As we age, bodily changes degrade the quantity and quality of our sleep—which affects our health more than we realize....Sleep gets more difficult the older you get. Older adults are less able, on average, to obtain as much sleep, or as restorative a sleep, as young adults. The problem gets so bad that by our 80s, the lack of sleep can have major health ramifications, though we don’t always notice.

Older adults face a number of challenges. The first is a reduction in the quantity and quality of deep sleep—the stage that beneficially overhauls your cardiovascular, immune and metabolic systems and refreshes learning and memory abilities. As you enter your 30s and 40s, your deep-sleep brain waves become smaller, less powerful and fewer in number. Reductions in deep-sleep quality increase your risk of heart attacks, obesity and stroke, as well as the buildup of a toxic brain protein—called beta amyloid—that is linked​to Alzheimer’s disease.

Passing into your mid- to late-40s, age will have stripped you of 60% to 70% of the deep sleep you were enjoying as a teen. By the time you reach age 70, you will have lost 80% to 90% of your youthful, restorative deep sleep....The second hallmark of altered sleep as we age is fragmentation. The older we get, the more frequently we wake up throughout the night. Causes include body pain and a weakened bladder. Reducing fluid intake in the evening can help the latter, but it isn’t a cure-all.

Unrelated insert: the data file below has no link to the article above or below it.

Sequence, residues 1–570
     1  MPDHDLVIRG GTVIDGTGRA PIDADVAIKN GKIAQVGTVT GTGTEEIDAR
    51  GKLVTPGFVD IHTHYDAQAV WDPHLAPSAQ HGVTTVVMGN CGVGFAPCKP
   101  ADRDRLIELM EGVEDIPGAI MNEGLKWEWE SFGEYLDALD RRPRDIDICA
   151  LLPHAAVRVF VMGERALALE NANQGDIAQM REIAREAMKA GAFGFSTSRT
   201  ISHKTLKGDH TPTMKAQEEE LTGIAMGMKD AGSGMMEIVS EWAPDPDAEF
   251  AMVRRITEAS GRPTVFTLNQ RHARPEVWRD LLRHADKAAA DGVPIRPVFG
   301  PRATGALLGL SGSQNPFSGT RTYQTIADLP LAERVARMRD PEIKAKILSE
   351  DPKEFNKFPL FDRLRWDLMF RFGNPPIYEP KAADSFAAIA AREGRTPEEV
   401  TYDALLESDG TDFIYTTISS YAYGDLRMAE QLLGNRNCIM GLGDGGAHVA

Because of sleep fragmentation, older people will suffer a reduction in sleep efficiency, defined as the percent of time you were asleep while in bed.The third sleep change with advanced age is that of circadian timing—the body’s internal clock that times our sleep-wake rhythms. Seniors commonly experience a regression in circadian timing, leading to earlier bedtimes. The cause is an early release and peak of melatonin in older adults in the evening, instructing an earlier start time for sleep, in part because of an early drop in core body temperature.
aging  Alzheimer’s_disease  books  cardiovascular  circadian_rhythms  health_risks  heart_attacks  immune_system  melatonin  mens'_health  metabolic_rate  sleep 
october 2017 by jerryking
The Worst Kind of Insomnia - WSJ
Dec. 11, 2016

There are three kinds of symptoms of insomnia: difficulty falling asleep at bedtime, waking up in the middle of the night and rising too early in the morning. Most people with chronic insomnia have more than one symptom.....Rising too early can be a symptom of depression. It can also be caused by an out-of-whack circadian rhythm, the internal clock that dictates the body’s sleep/wake cycle. As people get older, their circadian rhythm tends to shift earlier and can cause a mismatch with normal sleep times....If the early morning awakening is being caused by a shift in circadian rhythm and a too-early bedtime, the key is to reset the body clock later. This can be done by exposing patients to bright light in the evening via a light therapy box or goggles that beam light to the eyes. If a patient is aiming for a 10 p.m. bedtime and a 6 a.m. wake time, for example, 30 minutes of bright light exposure at around 7 p.m. might be recommended...What do you do if you wake up too early and can’t fall back asleep? First, don’t look at the clock, Dr., Martin says, since calculating how much time before the alarm goes off will just stress you out and ensure that you won’t fall back to sleep. If you start getting frustrated, get up and do something else. If you get sleepy again, then go back to bed.
early_risers  sleep  habits  circadian_rhythms  insomnia  sleeplessness 
december 2016 by jerryking